Date of Award


Degree Name

Bachelor of Science


Paper Science and Engineering

First Advisor

Dr. Brian Scheller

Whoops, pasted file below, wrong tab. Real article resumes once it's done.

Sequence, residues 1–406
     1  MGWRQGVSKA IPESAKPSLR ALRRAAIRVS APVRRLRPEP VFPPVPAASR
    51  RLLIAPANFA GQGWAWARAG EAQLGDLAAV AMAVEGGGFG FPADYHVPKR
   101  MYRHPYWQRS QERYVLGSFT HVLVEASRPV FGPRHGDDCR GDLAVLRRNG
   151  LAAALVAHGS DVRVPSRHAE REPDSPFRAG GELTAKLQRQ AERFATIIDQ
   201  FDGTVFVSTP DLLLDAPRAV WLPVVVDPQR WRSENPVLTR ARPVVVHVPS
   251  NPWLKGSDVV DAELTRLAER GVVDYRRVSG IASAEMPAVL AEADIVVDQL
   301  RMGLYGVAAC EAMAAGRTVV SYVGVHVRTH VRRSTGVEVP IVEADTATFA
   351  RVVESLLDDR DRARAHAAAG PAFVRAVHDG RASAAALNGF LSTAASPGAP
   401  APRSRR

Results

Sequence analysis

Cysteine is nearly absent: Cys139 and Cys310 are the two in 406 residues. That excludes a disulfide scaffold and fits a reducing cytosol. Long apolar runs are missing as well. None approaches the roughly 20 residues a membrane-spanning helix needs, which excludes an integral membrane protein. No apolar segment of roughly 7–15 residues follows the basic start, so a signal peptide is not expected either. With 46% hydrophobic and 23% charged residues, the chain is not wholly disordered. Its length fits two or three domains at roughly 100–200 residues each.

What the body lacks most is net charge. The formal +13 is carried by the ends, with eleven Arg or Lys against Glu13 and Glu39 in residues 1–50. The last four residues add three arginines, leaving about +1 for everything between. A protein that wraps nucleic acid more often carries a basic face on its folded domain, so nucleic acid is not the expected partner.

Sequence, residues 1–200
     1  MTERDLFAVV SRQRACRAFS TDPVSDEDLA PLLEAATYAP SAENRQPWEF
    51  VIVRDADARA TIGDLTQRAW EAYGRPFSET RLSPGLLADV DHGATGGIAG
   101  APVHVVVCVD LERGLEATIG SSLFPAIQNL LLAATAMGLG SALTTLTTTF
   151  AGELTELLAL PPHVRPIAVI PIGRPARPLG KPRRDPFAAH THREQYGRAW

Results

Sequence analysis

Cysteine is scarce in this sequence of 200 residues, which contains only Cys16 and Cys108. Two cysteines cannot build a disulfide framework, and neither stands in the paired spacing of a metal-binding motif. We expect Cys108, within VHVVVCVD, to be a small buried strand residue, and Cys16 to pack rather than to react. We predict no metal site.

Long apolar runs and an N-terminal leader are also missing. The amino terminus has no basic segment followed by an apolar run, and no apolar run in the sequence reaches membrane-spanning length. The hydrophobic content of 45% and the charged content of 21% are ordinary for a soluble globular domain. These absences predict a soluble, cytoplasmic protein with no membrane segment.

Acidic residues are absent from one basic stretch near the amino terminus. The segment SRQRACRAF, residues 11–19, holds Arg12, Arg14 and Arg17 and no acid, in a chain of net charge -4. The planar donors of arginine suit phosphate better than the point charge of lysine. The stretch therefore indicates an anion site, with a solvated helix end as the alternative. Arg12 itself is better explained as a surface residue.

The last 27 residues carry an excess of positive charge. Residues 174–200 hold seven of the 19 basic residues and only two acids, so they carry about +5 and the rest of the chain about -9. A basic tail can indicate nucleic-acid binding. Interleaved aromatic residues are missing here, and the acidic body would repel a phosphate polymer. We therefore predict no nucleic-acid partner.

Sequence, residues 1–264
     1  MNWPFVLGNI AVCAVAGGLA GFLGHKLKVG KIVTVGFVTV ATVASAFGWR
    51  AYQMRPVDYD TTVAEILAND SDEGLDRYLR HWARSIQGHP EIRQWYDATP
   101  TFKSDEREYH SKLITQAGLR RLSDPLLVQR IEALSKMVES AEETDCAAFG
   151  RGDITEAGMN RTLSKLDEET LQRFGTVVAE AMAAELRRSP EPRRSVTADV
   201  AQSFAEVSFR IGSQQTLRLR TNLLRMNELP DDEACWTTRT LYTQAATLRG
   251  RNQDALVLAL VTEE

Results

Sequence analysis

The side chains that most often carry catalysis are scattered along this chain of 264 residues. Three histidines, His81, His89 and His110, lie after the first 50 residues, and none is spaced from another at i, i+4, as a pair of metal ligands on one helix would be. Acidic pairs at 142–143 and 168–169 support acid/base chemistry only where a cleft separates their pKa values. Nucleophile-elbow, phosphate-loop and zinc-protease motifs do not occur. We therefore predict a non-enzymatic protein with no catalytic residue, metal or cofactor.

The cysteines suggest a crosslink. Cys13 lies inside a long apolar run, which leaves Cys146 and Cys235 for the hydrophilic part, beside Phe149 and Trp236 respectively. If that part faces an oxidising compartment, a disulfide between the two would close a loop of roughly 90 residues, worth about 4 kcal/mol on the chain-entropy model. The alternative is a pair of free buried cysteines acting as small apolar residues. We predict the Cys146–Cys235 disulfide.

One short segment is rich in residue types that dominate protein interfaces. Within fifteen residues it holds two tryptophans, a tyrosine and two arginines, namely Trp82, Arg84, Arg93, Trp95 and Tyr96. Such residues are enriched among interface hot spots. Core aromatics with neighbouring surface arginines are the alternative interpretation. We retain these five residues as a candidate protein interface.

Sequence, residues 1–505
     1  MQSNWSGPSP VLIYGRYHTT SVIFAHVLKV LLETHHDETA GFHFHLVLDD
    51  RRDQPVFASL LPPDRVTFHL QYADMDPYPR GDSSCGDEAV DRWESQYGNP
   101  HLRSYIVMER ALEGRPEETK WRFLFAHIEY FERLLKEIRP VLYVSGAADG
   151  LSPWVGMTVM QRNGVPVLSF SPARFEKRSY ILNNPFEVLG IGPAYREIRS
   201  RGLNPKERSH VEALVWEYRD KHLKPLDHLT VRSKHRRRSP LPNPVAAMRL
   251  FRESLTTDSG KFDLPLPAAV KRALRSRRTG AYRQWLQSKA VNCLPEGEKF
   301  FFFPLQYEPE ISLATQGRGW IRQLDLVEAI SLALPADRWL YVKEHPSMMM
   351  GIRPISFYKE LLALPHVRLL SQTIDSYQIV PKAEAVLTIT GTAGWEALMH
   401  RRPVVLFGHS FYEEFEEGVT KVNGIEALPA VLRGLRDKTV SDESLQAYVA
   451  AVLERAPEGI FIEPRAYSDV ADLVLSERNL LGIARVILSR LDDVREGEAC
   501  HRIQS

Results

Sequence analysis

The purpose of this thesis is to analyze various coating pigments, used in the coating formulations of coated paperboard, by determining their hiding power and cost effectiveness in coating 100% recycled paper used in the top layer of coated paperboard. The main consideration will be the ability of the various coating pigments to cover or hide the dirt and ink spots associated with 100% recycled paper. The base coat chosen was #2 clay due to its relative cheapness, good brightness, and good flow characteristics. It was held at a constant coat weight (+- 1 g/m2 ) throughout the trial. The three pigments used in the top coat formulations were: TiO2, Calcined clay, and #2 Clay. They were selected due to their large use in the coated paperboard industry and their physical coating and opacifying characteristics. The experiment consisted of coating 100% recycled paperboard with a double coating. Once the base coat weight was determined to be constant, three coating formulations, each using an equal amount (20 parts) of the three pigments, were. applied onto the base coating. The double coat weight was targeted to be 20 g/m2. Tappi dirt count, brightness, and relative costs were the determining factors in finding the hiding power of the various coating pigments and how cost effective each one was. Gloss and IGT Pick were also used to help tabulate the results and find the optimum coating formulation with the best hiding power of the three pigments used, #2 clay showed the best effectiveness based on cost and was determined to be the most cost-effective pigment of the three. Calcined clay was second based on cost, had the highest gloss, but also had the highest dirt count. TiO2 showed the best brightness with the lowest dirt count, but was the least cost effective due to it's large cost. IGT pick and wax pick showed trends of decreasing surface strength with increasing Tappi dirt count. Dirt count had no significant effect on smoothness.